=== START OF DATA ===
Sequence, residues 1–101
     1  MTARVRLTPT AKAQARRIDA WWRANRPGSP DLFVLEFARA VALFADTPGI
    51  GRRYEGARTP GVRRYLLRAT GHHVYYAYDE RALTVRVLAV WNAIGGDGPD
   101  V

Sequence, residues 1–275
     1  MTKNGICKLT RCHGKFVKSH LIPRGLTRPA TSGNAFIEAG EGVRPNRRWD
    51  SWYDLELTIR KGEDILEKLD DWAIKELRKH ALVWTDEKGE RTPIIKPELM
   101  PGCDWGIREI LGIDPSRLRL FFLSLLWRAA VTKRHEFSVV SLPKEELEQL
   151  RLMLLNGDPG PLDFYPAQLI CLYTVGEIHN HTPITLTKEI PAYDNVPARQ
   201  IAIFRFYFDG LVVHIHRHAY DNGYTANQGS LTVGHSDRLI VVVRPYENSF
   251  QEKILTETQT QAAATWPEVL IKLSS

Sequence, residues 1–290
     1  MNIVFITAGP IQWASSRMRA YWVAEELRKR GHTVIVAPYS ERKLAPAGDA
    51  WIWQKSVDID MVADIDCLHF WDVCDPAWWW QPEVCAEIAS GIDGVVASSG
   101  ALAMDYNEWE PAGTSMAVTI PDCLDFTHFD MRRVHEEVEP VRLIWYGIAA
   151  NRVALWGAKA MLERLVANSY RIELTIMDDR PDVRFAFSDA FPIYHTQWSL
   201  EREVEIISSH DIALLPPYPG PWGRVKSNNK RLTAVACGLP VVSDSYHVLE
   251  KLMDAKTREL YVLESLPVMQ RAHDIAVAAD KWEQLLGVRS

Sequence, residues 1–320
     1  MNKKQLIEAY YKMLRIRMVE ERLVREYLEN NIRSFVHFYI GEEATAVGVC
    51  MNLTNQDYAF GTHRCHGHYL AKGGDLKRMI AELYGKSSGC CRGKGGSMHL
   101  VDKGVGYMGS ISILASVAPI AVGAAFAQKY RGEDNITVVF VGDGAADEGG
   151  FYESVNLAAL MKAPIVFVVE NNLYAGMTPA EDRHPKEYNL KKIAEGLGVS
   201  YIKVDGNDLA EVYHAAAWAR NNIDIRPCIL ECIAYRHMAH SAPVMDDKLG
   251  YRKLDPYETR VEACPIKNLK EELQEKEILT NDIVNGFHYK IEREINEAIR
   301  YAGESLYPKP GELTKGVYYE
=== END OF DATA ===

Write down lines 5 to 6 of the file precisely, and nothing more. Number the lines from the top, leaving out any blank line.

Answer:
Sequence, residues 1–275
     1  MTKNGICKLT RCHGKFVKSH LIPRGLTRPA TSGNAFIEAG EGVRPNRRWD